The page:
Comparing Ingress controllers for Kubernetes

Flant staff
Oct 10 · 12 min read

Deploying a Kubernetes cluster for a specific application, you need to realize the requirements from the application itself, business and developers. Having this understanding, you can make an architectural choice and select an appropriate Ingress controller for K8s. We have prepared this review to help you to get a rough idea of what is available on the market. Hopefully, all notable, production-ready Ingress controllers are taken into consideration, so you can save your research time — at least, it might be a good starting point followed by your own practical experimentations.

Since comparing a lot of criteria for many solutions is a long journey, any feedback correcting our information is very welcome — especially from those who have a real experience with the products listed.

NB: This comparison has been inspired by a kubedex.com article which has been lacking some actual data we need. Please check it and other useful links listed in the end of this text.

Criteria

In order to make a high-grade comparison and to get some useful results, you have to have a good understanding of the subject, but that’s not all. You also need a specific suite of criteria that would set a research vector. We do not pretend to analyze all possible Kubernetes Ingress/API gateways/Service Mesh use cases, but try to highlight the most common requirements for controllers. Studying all the specifics and particularities of each case still has to be done to succeed in your own case.

Let’s start with features that have become so common that they are already implemented in all solutions and therefore not considered:

  • Open Source (we just don’t want to have other options at this level of our K8s stack);
  • dynamic service discovery;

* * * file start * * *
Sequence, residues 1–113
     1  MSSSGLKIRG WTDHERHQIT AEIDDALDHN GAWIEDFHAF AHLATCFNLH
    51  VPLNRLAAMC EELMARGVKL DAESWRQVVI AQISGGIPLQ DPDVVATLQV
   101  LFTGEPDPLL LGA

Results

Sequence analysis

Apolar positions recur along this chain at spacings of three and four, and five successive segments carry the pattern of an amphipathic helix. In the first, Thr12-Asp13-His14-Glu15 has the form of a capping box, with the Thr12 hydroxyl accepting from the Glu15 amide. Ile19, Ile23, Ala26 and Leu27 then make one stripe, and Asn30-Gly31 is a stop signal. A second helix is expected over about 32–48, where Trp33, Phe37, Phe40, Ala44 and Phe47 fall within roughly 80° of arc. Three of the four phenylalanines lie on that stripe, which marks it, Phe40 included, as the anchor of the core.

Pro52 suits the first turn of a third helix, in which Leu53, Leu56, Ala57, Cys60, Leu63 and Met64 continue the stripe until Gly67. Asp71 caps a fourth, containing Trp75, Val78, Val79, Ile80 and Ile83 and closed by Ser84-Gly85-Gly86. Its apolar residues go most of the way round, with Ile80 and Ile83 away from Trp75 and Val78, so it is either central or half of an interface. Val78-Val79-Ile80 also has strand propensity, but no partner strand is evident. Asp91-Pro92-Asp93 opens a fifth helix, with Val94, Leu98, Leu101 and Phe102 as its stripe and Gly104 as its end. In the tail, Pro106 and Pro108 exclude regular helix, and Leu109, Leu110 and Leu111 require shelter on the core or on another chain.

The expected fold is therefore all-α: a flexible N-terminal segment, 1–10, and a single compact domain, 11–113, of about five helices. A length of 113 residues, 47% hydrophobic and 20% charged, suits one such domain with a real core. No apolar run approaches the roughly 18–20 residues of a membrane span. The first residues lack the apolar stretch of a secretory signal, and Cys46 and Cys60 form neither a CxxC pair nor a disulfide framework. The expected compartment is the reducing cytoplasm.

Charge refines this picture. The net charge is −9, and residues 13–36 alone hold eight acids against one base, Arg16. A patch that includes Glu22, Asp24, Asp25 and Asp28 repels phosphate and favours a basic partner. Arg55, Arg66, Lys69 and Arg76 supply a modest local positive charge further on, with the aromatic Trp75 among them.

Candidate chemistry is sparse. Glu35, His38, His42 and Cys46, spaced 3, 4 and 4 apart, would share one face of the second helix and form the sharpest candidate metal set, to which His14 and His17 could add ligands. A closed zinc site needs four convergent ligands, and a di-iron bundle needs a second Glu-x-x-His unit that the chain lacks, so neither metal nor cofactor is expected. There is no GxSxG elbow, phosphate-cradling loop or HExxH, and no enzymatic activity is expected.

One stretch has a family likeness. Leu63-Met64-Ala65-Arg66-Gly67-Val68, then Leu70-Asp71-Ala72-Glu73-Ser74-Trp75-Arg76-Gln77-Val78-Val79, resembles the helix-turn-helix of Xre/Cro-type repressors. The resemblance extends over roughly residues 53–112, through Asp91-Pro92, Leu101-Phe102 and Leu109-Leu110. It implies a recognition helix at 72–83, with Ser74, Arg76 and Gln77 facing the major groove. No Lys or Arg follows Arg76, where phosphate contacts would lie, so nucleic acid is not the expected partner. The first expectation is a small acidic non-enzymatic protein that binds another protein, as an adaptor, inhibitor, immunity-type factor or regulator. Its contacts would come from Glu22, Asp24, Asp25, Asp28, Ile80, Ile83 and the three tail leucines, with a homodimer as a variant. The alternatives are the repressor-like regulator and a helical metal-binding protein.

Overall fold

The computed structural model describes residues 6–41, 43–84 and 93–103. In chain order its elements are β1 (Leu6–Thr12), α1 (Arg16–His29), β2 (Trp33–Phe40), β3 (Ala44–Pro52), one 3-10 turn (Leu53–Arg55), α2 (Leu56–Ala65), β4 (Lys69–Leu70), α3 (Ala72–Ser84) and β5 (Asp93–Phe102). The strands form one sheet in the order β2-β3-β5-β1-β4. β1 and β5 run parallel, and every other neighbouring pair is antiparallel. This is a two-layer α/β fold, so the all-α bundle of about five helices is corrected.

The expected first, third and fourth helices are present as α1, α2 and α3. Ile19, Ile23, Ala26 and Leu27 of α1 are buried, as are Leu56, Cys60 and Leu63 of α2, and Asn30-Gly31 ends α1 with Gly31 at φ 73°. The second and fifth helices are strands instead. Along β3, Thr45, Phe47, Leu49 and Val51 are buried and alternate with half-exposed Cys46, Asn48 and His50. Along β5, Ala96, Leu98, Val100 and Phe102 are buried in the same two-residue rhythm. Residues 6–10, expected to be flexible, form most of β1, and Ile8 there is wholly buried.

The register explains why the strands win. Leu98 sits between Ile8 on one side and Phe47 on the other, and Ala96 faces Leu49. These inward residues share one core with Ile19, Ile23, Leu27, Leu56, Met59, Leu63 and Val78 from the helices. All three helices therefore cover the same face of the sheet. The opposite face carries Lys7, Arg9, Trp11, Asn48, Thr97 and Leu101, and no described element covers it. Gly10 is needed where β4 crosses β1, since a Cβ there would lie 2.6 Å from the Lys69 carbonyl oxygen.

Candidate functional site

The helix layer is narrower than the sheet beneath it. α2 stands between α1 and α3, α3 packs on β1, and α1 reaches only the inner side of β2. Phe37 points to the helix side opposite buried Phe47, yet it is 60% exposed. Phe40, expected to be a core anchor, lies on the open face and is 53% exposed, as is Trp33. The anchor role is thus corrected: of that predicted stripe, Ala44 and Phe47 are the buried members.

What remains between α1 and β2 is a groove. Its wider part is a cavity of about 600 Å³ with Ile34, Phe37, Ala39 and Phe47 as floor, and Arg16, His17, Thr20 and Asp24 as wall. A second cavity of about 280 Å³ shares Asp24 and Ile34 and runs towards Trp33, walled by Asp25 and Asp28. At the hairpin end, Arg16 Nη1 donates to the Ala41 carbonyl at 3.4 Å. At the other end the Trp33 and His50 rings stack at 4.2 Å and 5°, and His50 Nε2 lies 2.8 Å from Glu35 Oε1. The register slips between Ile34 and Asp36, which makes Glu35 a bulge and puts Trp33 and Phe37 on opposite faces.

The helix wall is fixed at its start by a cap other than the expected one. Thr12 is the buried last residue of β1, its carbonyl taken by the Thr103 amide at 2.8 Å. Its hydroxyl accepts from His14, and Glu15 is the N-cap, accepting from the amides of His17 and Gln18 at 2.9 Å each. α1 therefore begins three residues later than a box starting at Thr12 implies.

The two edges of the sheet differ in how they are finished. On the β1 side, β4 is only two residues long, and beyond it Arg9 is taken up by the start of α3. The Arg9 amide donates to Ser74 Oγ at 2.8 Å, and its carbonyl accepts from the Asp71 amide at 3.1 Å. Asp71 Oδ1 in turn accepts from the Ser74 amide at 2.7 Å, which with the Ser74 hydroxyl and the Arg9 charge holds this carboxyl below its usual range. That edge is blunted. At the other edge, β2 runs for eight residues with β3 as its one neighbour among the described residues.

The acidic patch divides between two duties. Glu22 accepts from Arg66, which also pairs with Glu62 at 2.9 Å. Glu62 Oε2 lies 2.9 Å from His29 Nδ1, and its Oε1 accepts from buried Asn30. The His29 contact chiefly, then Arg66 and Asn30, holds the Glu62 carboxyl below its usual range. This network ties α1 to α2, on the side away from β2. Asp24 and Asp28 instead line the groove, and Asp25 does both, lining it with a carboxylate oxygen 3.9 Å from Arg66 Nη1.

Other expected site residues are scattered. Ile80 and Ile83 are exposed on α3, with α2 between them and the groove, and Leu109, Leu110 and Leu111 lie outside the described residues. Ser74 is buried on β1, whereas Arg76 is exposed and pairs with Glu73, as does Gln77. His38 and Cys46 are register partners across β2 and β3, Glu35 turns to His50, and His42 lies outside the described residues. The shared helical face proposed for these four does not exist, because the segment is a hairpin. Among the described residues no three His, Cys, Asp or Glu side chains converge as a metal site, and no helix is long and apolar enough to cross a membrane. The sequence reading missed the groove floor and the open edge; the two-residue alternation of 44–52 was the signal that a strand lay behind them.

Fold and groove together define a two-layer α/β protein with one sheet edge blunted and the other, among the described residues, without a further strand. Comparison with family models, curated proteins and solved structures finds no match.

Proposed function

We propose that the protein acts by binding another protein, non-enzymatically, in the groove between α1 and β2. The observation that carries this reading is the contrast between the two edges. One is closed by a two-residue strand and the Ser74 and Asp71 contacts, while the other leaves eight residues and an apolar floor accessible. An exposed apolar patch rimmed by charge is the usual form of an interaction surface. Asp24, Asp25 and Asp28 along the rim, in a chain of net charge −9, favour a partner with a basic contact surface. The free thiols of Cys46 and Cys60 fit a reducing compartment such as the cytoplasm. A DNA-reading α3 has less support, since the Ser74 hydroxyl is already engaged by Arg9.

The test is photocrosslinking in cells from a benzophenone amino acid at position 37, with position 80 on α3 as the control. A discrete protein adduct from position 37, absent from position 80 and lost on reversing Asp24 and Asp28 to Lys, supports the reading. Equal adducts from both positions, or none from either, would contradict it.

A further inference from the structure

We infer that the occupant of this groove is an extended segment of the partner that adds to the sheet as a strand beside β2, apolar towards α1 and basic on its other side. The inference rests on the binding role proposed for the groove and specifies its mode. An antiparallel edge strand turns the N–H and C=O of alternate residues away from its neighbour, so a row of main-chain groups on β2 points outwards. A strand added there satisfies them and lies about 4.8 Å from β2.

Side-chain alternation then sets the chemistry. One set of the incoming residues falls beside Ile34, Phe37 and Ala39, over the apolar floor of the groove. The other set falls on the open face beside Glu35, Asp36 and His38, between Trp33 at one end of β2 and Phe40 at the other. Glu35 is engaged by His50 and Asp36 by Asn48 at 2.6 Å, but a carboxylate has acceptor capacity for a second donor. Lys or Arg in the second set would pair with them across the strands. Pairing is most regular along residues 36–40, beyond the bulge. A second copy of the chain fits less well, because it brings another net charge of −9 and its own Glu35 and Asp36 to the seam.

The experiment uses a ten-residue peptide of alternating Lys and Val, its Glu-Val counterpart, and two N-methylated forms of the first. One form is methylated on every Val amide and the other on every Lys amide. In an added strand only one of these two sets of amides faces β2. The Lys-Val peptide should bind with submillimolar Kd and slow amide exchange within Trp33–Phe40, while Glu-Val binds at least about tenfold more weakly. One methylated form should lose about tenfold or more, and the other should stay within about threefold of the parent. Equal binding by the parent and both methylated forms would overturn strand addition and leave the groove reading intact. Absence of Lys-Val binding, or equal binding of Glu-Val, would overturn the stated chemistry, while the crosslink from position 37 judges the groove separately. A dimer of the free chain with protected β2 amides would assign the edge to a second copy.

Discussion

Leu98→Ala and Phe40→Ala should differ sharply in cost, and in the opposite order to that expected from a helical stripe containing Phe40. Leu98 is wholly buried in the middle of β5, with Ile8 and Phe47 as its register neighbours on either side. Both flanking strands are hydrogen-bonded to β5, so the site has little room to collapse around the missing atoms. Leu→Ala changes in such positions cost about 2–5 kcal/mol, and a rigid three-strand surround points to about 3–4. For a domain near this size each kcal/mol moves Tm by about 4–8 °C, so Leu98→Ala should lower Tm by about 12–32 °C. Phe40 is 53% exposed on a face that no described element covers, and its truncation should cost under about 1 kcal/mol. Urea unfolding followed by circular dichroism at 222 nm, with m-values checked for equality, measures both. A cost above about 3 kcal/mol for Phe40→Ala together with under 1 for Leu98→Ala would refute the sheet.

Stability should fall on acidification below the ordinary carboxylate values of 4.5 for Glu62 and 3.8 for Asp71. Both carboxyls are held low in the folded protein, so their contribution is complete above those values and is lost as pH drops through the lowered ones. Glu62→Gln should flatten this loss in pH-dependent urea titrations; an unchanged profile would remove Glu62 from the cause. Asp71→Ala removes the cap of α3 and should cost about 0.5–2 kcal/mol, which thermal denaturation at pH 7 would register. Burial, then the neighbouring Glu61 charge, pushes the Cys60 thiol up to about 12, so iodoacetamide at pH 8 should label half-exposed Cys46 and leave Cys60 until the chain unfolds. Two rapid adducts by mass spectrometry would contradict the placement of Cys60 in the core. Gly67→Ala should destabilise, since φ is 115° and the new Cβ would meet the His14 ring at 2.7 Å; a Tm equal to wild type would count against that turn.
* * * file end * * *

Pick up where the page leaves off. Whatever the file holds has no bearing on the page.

• SSL termination;
  • support for WebSockets.

Now, we’re coming to the points of comparison:

Supported protocols

This is the fundamental parameter for making your choice. Will a regular HTTP(S) proxy be enough for your software? Or does it work through gRPC, HTTP/2.0?.. Maybe it also needs TCP (with SNI) or even UDP? If your case is non-standard, make sure you consider it thoroughly so that you won’t have to reconfigure the cluster later. Each controller has its own set of supported protocols.

Based on (underlying software)

There are several types of applications that can be at the core of the controller. Popular ones are NGINX, Traefik, HAProxy, Envoy. In general case, this choice may not heavily affect how your traffic is processed, however it is always useful to know the potential characteristics and habits of what is “under the hood”.

Traffic routing

What is the basis of the decision on routing traffic to a particular service? Usually, you can employ host and path, but there are additional possibilities as well. Does matching these values support RegEx (regular expressions) as well?

Namespace limitations

Namespaces provide a way to logically separate resources in Kubernetes (for example, between your production, staging, etc). There are Ingress controllers that must be installed in each namespace separately (they allow traffic to the pods belonging to that namespace only). And there are those (actually, a clear majority) that operate globally for the entire cluster. In this case, traffic can go to any pod regardless of its namespace.

Upstream probes

How do you direct traffic to healthy instances of an application, its services? There are solutions with active and passive checks, retries, circuit breakers, custom health checks, etc. It is a very important parameter if you have strict requirements for the availability and prompt removing of failed services from load balancing.